His next assignment was to make sure his players bought in to his system - one that now has them feeling like they're not just part of a team, but a family.
"Mas buong-buo. Mas willing mag sacrifice yung iba," Arwind Santos (6) said about what's new with this season's San Miguel squad, and later added about his coach: "Dinidictate niya yung [mga] role namin, bawat isa."
(Our team is united and others are really willing to sacrifice. He dictates the roles for each of us.)
"Naiintindihan namin. Gusto namin yung binibigay saaming role." (We understood. We liked the roles he gave us.)
Santos, who is averaging 15.6 PPG, 7.8 RPG, 1.9 APG, and 1.3 BPG in the Philippine Cup, knows the importance of continuity and defined assignments for a team. He went through a roller coaster the past few seasons as his club traded players back and forth, while there were constant changes in the coaching staff in between conferences.
"What I did in San Miguel was to build a good chemistry, and it worked," Austria said. "Ipinakita ko sakanila na talagang pwede kami manalo." (I showed them that we can really be successful.)
SMB averaged 87.5 PPG on 42.5% FG shooting during their 9-2 elimination round. On defense, they limited opponents to 77.8 PPG on 38.2% shooting. In 4 semifinal games, they averaged 98 PPG on 49% shooting, while limiting TNT to 87.3 PPG on 38.6% shooting.
But their camaraderie extends beyond the hardcourt. Players wear headbands together. They participate in pre-game rituals that get them fired up. When one man goes down to injury or foul trouble, another is ready to step up regardless of how many minutes he plays. They have each other's backs, from heated verbal altercations on the court to lighter moments in the locker rooms.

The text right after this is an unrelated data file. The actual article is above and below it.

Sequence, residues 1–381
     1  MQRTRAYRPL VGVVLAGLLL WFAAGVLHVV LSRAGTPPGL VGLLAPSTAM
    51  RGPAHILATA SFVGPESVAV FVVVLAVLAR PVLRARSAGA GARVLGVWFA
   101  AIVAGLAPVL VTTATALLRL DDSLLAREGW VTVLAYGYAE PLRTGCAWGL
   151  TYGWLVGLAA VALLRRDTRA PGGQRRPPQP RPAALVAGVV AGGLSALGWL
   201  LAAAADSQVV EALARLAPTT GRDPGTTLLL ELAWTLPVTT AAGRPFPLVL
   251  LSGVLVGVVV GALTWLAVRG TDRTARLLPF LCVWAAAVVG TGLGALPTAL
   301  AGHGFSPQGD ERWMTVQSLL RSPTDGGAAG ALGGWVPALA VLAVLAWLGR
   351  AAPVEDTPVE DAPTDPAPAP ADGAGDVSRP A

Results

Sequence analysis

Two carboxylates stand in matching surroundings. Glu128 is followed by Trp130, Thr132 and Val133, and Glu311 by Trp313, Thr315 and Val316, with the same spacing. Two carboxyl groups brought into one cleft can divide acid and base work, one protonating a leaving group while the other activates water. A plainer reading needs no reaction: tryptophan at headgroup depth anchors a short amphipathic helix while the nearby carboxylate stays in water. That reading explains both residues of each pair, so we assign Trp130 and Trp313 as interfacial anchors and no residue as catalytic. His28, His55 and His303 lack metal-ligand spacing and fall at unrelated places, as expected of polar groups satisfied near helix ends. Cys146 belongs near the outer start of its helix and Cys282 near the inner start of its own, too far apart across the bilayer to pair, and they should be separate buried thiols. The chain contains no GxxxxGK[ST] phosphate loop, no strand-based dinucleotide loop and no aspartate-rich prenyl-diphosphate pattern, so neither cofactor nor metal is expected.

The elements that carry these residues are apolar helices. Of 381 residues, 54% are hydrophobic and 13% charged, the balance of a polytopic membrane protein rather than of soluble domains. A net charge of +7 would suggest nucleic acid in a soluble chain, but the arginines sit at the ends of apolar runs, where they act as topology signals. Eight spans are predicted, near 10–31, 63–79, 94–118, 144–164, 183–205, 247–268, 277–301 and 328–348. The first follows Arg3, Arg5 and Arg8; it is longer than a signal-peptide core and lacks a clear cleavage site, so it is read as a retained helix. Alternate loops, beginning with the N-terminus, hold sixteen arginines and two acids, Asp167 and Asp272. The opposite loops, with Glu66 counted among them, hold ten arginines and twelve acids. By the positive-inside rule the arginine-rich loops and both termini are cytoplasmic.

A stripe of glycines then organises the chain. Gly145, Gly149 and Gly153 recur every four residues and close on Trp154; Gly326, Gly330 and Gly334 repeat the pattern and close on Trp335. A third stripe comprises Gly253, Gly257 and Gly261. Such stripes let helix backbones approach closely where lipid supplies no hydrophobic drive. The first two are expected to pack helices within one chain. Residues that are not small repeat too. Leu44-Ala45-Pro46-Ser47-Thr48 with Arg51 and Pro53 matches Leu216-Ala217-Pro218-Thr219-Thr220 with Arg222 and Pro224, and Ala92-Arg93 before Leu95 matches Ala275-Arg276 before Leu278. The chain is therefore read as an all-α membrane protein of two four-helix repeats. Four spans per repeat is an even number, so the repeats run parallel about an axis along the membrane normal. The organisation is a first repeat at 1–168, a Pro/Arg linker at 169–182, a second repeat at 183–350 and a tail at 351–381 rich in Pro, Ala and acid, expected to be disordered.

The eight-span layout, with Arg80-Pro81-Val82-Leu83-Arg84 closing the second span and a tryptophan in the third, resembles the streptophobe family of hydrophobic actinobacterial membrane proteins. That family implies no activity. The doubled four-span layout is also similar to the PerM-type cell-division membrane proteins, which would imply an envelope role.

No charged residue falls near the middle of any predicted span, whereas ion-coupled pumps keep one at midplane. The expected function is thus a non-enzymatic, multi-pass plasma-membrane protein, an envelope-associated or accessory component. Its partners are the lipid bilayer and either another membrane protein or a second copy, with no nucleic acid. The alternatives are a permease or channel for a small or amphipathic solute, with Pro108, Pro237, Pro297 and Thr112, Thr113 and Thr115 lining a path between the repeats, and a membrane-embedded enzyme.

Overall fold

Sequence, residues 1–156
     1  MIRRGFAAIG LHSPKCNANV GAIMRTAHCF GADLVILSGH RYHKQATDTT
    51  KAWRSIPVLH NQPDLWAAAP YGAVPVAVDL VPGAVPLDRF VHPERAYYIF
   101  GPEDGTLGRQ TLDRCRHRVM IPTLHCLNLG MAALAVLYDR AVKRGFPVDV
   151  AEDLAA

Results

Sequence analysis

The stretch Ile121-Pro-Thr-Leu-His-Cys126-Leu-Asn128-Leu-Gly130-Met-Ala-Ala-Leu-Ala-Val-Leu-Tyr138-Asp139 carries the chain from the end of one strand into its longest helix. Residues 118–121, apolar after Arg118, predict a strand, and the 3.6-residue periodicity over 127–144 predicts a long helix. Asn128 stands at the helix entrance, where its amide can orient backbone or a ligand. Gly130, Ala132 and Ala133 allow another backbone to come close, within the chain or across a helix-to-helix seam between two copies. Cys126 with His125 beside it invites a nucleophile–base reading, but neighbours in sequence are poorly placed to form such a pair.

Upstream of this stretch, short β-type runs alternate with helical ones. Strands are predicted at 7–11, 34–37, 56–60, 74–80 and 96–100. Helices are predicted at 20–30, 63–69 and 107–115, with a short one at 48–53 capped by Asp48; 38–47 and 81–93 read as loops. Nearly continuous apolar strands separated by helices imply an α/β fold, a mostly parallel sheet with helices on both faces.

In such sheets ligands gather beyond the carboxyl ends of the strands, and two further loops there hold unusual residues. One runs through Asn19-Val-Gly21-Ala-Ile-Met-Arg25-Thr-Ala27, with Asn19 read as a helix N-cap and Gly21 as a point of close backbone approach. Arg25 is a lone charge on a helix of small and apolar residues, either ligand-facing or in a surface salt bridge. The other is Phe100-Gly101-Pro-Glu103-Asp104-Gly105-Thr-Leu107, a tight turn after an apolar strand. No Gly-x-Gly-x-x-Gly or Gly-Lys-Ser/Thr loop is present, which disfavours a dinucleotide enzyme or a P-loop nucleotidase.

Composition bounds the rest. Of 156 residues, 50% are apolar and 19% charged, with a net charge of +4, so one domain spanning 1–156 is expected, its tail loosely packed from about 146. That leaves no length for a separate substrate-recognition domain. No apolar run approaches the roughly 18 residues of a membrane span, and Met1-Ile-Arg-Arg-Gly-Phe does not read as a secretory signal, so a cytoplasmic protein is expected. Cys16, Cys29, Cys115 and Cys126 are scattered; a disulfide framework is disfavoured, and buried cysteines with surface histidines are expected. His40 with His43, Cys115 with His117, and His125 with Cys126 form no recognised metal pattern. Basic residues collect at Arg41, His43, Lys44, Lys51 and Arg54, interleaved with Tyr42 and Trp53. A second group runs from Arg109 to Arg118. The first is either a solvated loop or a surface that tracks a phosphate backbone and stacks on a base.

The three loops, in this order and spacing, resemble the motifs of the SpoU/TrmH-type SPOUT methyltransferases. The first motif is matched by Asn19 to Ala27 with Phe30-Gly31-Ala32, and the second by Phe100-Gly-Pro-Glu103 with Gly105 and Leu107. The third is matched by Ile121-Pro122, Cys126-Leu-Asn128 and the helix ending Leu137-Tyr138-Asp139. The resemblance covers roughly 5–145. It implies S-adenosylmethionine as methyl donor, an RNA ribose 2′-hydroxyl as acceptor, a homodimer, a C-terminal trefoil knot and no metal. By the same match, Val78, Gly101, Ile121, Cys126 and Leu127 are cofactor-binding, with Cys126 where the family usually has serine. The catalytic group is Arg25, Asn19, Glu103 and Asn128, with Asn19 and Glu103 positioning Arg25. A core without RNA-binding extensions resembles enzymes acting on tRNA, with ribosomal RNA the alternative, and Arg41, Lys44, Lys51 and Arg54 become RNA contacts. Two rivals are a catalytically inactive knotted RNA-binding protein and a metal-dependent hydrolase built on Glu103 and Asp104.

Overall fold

"Mas makulit kami ngayon eh. Sobrang supportive," said Santos. "Malaking bagay yun sa isang pamilya. Pagka-masaya ka, madaling gawin yung pangarap mo."
(We're more playful now, very supportive. That's a big thing for a family. When you're happy, it's easier to reach your goals.)
San Miguel now awaits the winner of Alaska and Rain or Shine's semis series. The finals begin a little over a week after the new year, granting the Beermen the time to rest and recuperate before the finals, while their opponent will be fresh off a physical series of at least 6 games (Alaska currently leads 3-2).
Fajardo torched TNT for 28 points, 16 rebounds, 5 assists, 2 blocks in the series clincher. He is currently averaging a career-high 19.2 PPG, 12.5 RPG, 2.1 BPG, and 1.9 APG this conference to follow up his MVP campaign last season (16.7 PPG, 14.2 RPG, 2.1 BPG, 1.4 APG).
Santos' 3-point stroke looks deadly (38% this conference) – which perfectly complements Fajardo's post game – while his long wingspan is a menace to deal with defensively. Alex Cabagnot is coming off the bench to provide instant firepower, while Chris Lutz and Mario Lassiter are providing key contributions as well.
Rain or Shine or Alaska may pose a more potent challenge for SMB as opposed to Talk 'N Text because they have the big men to bother the reigning PBA MVP unlike the Texters.
But San Miguel is loaded with so many weapons, and their coach has helped instill a system that gets the best out of his team and puts them in great position to capture their first All-Filipino conference championship in 14 years, and their first title since the 2011 Governors' Cup.
A 20th franchise championship is within reach. And the head coach who entered his team's locker room with a lot cheers is a huge reason why.